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Re: Finding the Peralta Treasures

Posted: Tue Jul 08, 2014 7:42 am
by Sgtfda
Robert. I should say I'm not into the Latin Heart. I feel it is not related to the stone maps. There are several reasons for my opinion. Can't go into that now. I guess I look at things as if I was working a criminal case. One thing stands out. The Tumlinson's worked one area using the maps. Others with inside information also searched that area.
The Rover UC is a poor choice for the area. I understand why you would use it. The mineralization in the mountains will play games with equipment. The heart has a lot going on. Be careful. Not everything will match. Many formations in the mountain will look like a good fit. But are not. The stone maps have their own issue. The horse for example. It does not represent a formation that looks like a horse. It's a map. That map not only show gold locations but also where the stone trail is located. Exactly! You did jump the gun alerting the NF. At this point you just don't have enough to justify what you requested. Now they have their eye on you. I do wish you luck in your search.

Re: Finding the Peralta Treasures

Posted: Tue Jul 08, 2014 4:32 pm
by cubfan64
Robert, you stated the following in one of your posts...
But the maps were never intended to lead you to the destination all by themselves. That way anyone with a copy of the map could find many alternates. The map is the doorway to a maze of dungeons and dragon clues.
You also implied in that same post that chaos together with repeated patterns can often lead to many areas that fit the Stone Maps.

I've been "sleeping" on that post for the last day or so, and I believe what you stated strikes a real chord with me and I can't help but think that you are very correct. It explains to me at least why over the years there can be SO MANY people who claim to have solved the Stone Maps and would swear on a stack of bibles that their evidence and clues fit EXACTLY to the maps - and yet for the most part those people all interpreted them differently and were in different areas of the mountains.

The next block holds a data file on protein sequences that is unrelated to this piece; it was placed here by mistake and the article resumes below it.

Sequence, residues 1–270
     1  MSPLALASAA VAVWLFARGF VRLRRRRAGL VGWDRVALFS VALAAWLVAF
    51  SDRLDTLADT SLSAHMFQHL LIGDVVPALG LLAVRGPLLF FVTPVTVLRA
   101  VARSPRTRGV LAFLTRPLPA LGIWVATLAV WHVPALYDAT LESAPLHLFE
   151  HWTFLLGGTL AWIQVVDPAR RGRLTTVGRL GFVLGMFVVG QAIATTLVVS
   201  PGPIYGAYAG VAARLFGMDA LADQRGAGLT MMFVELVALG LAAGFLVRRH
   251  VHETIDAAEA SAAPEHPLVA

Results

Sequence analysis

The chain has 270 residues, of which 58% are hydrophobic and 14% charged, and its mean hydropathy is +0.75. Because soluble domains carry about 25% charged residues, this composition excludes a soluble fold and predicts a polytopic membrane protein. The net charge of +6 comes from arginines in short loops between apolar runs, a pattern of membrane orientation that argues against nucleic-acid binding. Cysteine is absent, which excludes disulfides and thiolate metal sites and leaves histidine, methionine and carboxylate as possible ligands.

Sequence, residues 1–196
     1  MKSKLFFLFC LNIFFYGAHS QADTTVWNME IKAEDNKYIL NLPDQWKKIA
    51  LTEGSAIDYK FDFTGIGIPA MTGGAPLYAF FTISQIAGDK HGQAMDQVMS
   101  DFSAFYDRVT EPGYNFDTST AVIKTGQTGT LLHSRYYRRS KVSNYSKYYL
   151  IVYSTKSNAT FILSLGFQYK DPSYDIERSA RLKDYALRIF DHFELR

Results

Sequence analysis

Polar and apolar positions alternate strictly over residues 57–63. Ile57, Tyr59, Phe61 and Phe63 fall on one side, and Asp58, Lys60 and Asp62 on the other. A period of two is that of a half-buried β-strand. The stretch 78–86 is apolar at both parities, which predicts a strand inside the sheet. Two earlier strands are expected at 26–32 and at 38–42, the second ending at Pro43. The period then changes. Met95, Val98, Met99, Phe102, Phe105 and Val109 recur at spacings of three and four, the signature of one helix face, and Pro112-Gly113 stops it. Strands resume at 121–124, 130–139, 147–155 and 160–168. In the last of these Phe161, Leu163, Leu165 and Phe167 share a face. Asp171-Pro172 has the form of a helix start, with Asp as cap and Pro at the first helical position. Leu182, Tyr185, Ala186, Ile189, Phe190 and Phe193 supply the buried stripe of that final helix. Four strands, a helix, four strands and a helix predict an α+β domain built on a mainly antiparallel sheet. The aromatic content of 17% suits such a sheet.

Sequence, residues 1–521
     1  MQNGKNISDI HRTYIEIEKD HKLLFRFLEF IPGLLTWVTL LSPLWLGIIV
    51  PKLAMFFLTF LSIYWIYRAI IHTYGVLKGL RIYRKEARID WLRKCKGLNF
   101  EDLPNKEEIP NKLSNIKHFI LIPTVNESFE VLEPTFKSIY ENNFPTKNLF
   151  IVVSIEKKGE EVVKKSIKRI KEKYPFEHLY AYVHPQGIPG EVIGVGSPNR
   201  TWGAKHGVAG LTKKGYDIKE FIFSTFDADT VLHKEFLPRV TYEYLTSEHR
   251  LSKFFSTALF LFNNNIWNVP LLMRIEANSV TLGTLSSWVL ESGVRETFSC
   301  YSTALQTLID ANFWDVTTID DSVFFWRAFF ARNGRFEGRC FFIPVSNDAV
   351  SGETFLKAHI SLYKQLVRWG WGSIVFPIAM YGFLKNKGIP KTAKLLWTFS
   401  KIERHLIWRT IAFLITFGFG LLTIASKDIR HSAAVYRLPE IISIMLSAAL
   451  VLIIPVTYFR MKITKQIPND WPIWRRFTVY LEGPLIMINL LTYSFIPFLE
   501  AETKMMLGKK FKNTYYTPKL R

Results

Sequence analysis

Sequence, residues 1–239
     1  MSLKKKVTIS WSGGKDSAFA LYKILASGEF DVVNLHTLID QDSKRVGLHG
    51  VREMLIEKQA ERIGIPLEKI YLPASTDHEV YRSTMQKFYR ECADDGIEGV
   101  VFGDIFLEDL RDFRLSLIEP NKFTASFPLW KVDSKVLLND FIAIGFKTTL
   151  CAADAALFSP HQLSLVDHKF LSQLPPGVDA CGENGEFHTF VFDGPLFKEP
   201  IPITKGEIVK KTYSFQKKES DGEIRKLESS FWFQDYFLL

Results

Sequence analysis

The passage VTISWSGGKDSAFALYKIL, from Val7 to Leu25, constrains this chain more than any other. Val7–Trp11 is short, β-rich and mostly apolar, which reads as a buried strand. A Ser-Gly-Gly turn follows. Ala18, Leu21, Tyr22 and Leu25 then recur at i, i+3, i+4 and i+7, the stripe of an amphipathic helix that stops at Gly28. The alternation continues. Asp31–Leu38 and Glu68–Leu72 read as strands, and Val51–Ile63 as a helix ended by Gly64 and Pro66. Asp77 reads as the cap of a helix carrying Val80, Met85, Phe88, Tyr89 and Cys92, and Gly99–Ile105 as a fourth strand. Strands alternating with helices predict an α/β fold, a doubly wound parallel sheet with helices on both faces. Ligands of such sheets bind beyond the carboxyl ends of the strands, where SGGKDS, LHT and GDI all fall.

Interesting insight. I had hoped one day to be able to explore some areas where I always felt a sense that there was more to the area, but as the days go by faster and faster in life I'm forcing myself to face the fact that it's more and more unlikely that will happen. It's good to at least live vicariously through some of you who are still walking the walk.

Good luck to you - I don't see all the things you've seen in the maps, but I wonder if it's just because I don't have that sort of vision anymore. I should have gotten interested in all this about 30+ years ago.

Re: Finding the Peralta Treasures

Posted: Tue Jul 08, 2014 7:59 pm
by Sgtfda
Paul don't give up now. Your not that old. How many forget the Florence quad horse. That and the Elephant on the horses rear. Combined they give the location of the trail. You do know where the elephant lives don't you?

Re: Finding the Peralta Treasures

Posted: Wed Jul 09, 2014 5:15 pm
by Robert_K
I agree, I believe there is a whole lot more out there. If you read my article you'll note I did 3 aerial surveys. I've got around 3,000 photos. From these I can say anyone that goes out there and makes a sincere effort will probably discover something new! I will never live long enough to go visit all the things I've marked in my Google Earth map.

I also am glad people are pushing back and suggesting there are alternative solutions that lead to things.

Here is one really big wildcard. Since I've observed that the Mexican miners ( not just the Peraltas ) were using icons its entirely possible there is a duplication by similarity. I believe it was the Gonzalez crew that provided mules to the Peraltas. My point being there is nothing from one group using the ideas of another. Its why I mention that hearts were the distinguishing characteristic for the Peralta routes. But I do not know anything similar for the Gonzalez crew.

What has anyone to share about multiple crews mining in the Superstition and how to know the workings of one from the other. Are there unique Gonzalez maps ? Were they perhaps using the H/P stone map ? What do we know about the fact there were so many different names on the Burbridge map that declares the mines were transferred to the Peraltas in 1753? What else were these families mining ? Do we really know how many families were mining there ? Could there be mini-massacres yet to be discovered ?